City ballots were to be mailed March 12 for the April 6 city election.

The 2021 city election ballots are to be mailed today, March 12. Voters will decide six of nine seats on City Council and vote on a charter amendment that would allow ballot measures to exceed 30 words.

Voters must mail in their ballots or return them to a drop-off location by 7 p.m. April 6. For candidate information, ballot drop-off locations, a sample ballot and other voter information, go here.

To check out the candidates, go to the Indy website dedicated to election news.



Donations have poured in to Citizens for Accountability, a political action committee run by a Colorado Springs Chamber & EDC official, Rachel Beck, to campaign in favor of Issue 1, which would allow ballot title language to exceed 30 words.

Among those donating to the cause: G.E. Johnson Construction, $10,000; AA Construction, $4,000; Classic Homes, $5,000; Jack Damioli, CEO of The Broadmoor, $2,000; Colorado Springs Professional Firefighters Local 5, $2,500; The O'Neil Group Co., $5,000, and Schmidt Construction, $4,000.

Mayor John Suthers gave $200, as did his chief of staff Jeff Greene.

The PAC paid $10,000 to WPAi, a digital media company based in Washington, D.C.

In a message to members, the Chamber wrote, "When you're asked to vote for something, you deserve a clear and thorough explanation. Limiting ballot language to just 30 words isn't enough space to give voters a clear and thorough explanation of what they are voting on. Removing the 30-word restriction will allow Colorado Springs voters to have the details of how our tax dollars will be spent. Colorado Springs is the only Colorado city with this outdated limit."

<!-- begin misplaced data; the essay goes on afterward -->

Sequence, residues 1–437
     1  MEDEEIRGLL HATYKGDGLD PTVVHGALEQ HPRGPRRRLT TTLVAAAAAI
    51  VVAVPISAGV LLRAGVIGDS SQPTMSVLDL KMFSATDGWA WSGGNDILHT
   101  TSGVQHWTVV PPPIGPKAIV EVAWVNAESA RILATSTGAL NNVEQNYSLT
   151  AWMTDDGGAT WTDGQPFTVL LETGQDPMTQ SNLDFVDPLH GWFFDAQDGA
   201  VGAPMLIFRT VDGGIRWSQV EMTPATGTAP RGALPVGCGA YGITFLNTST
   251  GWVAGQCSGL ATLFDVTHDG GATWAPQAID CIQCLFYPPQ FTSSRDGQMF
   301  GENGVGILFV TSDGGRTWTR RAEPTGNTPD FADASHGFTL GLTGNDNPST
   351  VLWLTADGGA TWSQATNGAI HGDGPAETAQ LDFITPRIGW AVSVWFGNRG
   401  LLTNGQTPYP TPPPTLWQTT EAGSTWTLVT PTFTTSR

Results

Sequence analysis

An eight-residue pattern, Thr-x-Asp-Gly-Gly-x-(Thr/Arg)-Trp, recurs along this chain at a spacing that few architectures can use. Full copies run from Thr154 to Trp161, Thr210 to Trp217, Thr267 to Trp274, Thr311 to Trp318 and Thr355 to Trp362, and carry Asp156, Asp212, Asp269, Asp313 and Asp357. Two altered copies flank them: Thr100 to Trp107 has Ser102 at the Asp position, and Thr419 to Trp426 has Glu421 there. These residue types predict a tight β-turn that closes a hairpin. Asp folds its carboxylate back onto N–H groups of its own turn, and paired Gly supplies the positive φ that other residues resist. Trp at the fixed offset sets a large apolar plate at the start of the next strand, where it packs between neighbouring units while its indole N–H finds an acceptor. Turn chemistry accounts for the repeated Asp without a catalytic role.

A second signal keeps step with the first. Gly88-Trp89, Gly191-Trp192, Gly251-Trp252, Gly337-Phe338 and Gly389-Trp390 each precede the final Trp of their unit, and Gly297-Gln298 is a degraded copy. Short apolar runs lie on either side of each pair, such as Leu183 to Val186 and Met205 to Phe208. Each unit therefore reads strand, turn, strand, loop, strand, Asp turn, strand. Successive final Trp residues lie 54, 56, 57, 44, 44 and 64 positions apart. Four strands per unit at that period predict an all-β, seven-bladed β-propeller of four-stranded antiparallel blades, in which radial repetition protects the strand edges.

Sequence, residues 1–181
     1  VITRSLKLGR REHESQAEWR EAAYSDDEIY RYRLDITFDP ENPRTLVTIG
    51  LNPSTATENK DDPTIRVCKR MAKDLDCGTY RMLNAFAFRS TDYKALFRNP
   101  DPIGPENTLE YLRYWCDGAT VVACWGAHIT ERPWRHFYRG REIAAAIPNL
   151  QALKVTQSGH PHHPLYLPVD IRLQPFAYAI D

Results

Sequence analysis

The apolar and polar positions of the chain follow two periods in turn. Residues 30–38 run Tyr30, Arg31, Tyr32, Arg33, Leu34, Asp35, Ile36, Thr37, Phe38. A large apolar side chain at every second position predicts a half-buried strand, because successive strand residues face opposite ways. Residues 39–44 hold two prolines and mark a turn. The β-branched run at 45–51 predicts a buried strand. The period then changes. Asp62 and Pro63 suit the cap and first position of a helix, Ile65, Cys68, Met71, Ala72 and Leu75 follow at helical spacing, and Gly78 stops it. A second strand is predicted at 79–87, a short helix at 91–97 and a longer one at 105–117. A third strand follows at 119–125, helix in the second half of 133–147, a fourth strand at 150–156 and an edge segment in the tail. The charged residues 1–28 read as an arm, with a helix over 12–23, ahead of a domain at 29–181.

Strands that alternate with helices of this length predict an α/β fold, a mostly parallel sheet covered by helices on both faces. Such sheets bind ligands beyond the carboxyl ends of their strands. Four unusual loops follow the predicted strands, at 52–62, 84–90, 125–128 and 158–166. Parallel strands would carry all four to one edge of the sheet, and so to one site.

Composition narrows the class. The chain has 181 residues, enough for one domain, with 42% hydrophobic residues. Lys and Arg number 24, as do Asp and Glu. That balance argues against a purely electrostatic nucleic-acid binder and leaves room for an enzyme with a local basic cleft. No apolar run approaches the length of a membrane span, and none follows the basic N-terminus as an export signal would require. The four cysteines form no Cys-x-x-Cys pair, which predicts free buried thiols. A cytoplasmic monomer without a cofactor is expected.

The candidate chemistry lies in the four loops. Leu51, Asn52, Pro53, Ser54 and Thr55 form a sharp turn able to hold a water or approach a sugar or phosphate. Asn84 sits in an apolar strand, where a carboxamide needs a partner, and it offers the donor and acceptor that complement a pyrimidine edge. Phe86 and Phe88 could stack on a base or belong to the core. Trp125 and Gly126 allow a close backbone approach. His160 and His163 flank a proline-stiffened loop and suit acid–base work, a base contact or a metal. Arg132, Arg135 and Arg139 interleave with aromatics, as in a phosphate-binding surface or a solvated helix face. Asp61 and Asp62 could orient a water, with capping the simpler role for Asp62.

Colorado Springs Professional Firefighters PAC gave $1,000 each to Richard Skorman and Yolanda Avila, who are seeking second terms in districts 3 and 4, respectively.

It previously gave $5,000 to David Noblitt, a firefighter seeking the northern District 2 seat.


Consumer Fireworks Safety Association PAC of Tacoma, Washington, gave $250 each to these Council candidates: Jim Mason in District 1; Dave Geislinger in District 2; Skorman in District 3; Nancy Henjum in District 5, and Mike O'Malley in District 6. No donation was made in the District 4 race.

The PAC, chiefly funded by the American Promotional Events Northwest Inc., also gave $2,000 to Invest in COS, a PAC that has not yet filed a report in this year's city election.


Avila, facing Regina English in her bid to retain her seat representing the Southeast sector, picked up $2,000 from Property Management Trust Account, Nor'wood Limited Inc., an entity controlled by Nor'wood Development Group, the region's biggest developer, according to the latest campaign finance filing due March 15 which covers the period from Feb. 25-March 10.

Most of Avila's donations are small, less than $100, though she also received a $1,000 contribution from Kathy Loo, local philanthropist and businesswoman.

Avila reports having $23,029 cash on hand as the campaign enters its final three weeks.


Property Management Trust Account also donated $5,000 to Skorman's campaign, according to his latest campaign finance report.

The report also shows a $2,000 donation from Sam and Kathy Guadagnoli, downtown business owners and developers.

With three weeks to go in the campaign, Skorman has $31,354 cash on hand.

Others who have swept up considerable campaign money are Henjum, Dave Donelson in District 1 and Matt Zelenok in District 5.


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Senior Reporter

Pam Zubeck is a graduate from Emporia State University. She worked at the Tulsa Tribune before coming to Colorado Springs, where she spent 16 years at the Gazette and in 2009 joined Colorado Publishing House.